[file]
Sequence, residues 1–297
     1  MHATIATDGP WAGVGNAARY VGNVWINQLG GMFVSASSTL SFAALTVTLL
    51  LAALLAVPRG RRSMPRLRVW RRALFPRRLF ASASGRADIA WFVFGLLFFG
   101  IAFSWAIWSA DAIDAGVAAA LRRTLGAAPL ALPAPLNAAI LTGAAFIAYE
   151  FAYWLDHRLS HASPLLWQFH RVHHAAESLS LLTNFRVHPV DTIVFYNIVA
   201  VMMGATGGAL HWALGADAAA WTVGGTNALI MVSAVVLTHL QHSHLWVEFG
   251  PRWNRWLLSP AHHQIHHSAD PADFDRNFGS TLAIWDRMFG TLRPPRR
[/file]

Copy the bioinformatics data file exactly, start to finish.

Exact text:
Sequence, residues 1–297
     1  MHATIATDGP WAGVGNAARY VGNVWINQLG GMFVSASSTL SFAALTVTLL
    51  LAALLAVPRG RRSMPRLRVW RRALFPRRLF ASASGRADIA WFVFGLLFFG
   101  IAFSWAIWSA DAIDAGVAAA LRRTLGAAPL ALPAPLNAAI LTGAAFIAYE
   151  FAYWLDHRLS HASPLLWQFH RVHHAAESLS LLTNFRVHPV DTIVFYNIVA
   201  VMMGATGGAL HWALGADAAA WTVGGTNALI MVSAVVLTHL QHSHLWVEFG
   251  PRWNRWLLSP AHHQIHHSAD PADFDRNFGS TLAIWDRMFG TLRPPRR